4

rhythm guitar measure

This is the rhythm guitar part to Muddy Waters's "Got My Mojo Working". I would like to know what beats the chords land on for this measure. I only know that the first chord lands on the and of 1. Can someone please help me?

1
  • That's only part of your problem! See my comment under Aaron's answer for the rest.
    – Tim
    Apr 25 at 16:53

4 Answers 4

10

A graphical supplement to @HaveProblemsEveryday's answer with strumming pattern suggested by @Tim (see comments below).

Note that the chords occur on every third sixteenth note (semiquaver).

Question measure with sixteenths notated and counted

9
  • Anoter point relevant to the OP's problem then is - what strumming pattern works best? Personally, I'd be playing d,u,d,u, for each beat, to keep the arm moving rhythmically, then hit the strings on the appropriate places, as you indicate.
    – Tim
    Apr 25 at 16:52
  • @Tim By each beat, you mean each sixteenth? Please confirm, and I'll add that to the graphic.
    – Aaron
    Apr 25 at 16:58
  • Each semiquaver takes a strum, starting down, so 16 separate strums per bar. Others might 'stutter' their strum pattern, but that then means it will only work for that one pattern - and I don't believe that (or any) strum pattern would be used for the entirety of the (or any) song.
    – Tim
    Apr 25 at 17:03
  • 1
    Showing the underlying 16ths above the rhythm makes this rhythm much easier to understand, +1. @AndyBonner your count is a little off at the end, it should be: ||: 1231231231231231 :|| (with notes on all of the 3’s). Apr 25 at 21:54
  • 1
    @jamesrivers For a rhythm like this, practice it at slower, manageable tempos. Once the feel of it is internalized, it will come naturally, and you won't need to count every sixteenth note. At that point, you can just strum on each chord, alternating ups and downs.
    – Aaron
    May 1 at 17:34
5

Since we are dealing with sixteenth notes here, we can break the bar in to

1 e + a 2 e + a 3 e + a 4 e + a

The first chord is on the and of 1

The second chord is on the e of 2

The third chord is right on 3

The fourth chord is on the a of 3

The fifth chord is on the and of 4

Often, what I have found helps me when dealing with tricky rhythms is to count out the beats and write them under the bar to know where each note is played.

3

Start by finding the quarter note beats:

enter image description here

Since there are sixteenth note subdivisions here, you can count 1-e-and-a 2-e-and-a 3-e-and-a 4-e-and-a and so on. Now you can see which subdivisions the notes fall on: the "and" of 1, the "e" of 2, the 3, and the "and" of 4.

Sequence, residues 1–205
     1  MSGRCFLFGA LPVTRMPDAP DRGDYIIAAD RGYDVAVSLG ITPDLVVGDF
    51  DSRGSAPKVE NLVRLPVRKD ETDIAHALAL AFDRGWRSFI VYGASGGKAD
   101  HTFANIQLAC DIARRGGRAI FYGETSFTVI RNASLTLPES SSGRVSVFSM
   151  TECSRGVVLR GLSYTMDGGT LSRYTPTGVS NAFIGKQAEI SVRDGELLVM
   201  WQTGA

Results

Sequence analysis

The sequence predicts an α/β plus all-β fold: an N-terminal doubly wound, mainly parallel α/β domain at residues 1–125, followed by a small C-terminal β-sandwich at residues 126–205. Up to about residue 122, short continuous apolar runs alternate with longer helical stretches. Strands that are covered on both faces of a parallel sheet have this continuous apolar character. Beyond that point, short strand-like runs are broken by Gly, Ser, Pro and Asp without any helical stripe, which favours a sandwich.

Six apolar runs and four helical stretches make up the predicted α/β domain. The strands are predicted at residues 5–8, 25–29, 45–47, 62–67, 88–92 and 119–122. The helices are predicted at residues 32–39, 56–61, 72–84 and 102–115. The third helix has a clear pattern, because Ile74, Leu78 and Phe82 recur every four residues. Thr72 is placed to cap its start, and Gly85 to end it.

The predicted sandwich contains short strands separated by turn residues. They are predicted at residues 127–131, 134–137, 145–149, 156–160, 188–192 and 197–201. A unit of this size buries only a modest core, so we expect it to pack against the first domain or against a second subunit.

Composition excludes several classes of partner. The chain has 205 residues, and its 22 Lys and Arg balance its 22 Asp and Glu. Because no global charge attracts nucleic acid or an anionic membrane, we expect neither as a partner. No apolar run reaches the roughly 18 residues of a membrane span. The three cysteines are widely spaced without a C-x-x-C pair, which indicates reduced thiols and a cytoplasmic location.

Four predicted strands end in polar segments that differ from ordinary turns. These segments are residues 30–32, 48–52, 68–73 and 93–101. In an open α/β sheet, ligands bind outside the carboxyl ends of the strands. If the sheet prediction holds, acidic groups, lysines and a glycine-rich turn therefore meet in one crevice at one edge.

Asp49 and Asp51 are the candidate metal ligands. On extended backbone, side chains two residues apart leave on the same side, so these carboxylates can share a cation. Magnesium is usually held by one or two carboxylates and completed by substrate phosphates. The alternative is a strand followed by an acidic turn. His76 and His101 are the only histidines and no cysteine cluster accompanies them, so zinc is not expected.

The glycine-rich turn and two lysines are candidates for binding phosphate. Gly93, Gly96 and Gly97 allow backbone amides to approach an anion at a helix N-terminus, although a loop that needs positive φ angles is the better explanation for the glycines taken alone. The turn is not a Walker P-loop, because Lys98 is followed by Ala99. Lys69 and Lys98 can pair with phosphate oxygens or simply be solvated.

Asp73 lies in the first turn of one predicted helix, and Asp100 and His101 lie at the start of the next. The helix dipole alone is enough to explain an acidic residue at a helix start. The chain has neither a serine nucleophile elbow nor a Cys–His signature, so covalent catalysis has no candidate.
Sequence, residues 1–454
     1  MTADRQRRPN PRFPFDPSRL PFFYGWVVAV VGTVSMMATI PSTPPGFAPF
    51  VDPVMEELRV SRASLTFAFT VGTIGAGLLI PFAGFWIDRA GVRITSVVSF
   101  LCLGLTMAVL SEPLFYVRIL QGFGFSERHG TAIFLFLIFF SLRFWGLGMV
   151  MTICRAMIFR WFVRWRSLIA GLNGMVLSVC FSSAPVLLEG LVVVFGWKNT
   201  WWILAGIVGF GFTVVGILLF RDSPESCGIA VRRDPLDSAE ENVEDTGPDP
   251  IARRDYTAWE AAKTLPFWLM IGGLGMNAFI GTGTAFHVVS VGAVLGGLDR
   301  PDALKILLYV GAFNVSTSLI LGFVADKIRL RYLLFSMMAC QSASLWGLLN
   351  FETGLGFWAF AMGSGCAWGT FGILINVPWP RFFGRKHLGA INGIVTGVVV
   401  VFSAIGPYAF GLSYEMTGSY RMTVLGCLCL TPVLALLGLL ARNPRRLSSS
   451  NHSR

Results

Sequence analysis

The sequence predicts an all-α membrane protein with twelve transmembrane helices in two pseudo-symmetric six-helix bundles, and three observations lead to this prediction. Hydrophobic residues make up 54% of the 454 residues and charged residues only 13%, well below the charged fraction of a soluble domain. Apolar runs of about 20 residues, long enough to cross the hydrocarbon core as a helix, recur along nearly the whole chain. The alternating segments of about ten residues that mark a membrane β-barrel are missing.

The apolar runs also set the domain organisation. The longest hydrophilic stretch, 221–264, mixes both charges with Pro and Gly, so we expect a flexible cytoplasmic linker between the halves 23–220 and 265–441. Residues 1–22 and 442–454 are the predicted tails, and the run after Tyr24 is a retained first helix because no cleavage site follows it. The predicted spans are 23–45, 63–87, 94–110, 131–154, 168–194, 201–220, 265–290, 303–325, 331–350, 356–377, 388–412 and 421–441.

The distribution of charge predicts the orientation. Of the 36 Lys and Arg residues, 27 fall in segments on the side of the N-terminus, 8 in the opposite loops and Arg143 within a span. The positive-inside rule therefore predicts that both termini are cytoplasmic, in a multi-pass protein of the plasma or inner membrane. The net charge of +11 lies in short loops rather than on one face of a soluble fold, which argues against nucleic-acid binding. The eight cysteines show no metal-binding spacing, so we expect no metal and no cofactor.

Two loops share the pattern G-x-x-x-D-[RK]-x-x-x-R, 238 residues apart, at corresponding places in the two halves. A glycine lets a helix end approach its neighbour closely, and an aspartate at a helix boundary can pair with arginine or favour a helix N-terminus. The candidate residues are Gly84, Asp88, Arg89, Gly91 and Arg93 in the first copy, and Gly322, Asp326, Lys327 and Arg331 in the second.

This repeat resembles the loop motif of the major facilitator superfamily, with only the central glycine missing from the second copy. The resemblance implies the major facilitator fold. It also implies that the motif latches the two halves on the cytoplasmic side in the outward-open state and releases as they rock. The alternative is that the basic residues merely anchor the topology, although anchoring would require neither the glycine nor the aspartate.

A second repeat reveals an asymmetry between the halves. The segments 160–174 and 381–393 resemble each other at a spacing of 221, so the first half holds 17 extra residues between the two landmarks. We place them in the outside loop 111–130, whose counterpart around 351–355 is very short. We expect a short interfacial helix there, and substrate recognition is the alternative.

Something else you should notice: four of the five notes have a dot above them. These dots are articulation marks which mean that these notes should be played staccato.

2
  • Of course, the notes marked staccato are eighths, and the one not is a 16th; it's likely that the 8ths are to be played as short as 16ths, and it was all notated this way because making them all 16ths would be even busier. Apr 25 at 17:51
  • 1
    @AndyBonner -- I'm not sure that I agree that using 16ths would be busier; then all rests would be eighth rests, and in some ways this might communicate the syncopated rhythm more clearly. On the other hand, these are probably chord stabs which may be better thought of as staccato since they wouldn't be thought of as having precise duration. In any case, I didn't intend a critique of the posted notation, only an exposition of what is there.
    – user86545
    Apr 25 at 18:17
3

What you might want to do is either:

  1. Find a youtube video of Muddy playing it. You Tube allows you to slow down the playback without changing the pitch. Click on the settings icon and then on playback speed.

  2. If you have the song on your phone or iPad, you can get a music slowdown app for free and slow it down that way. This will also let you loop a small section of the song. I think you need to actually own the song to do this. I use an app called Music Speed and it works great.

Far better for this type of music than notation. I guarantee Muddy never notated it on sheet music.

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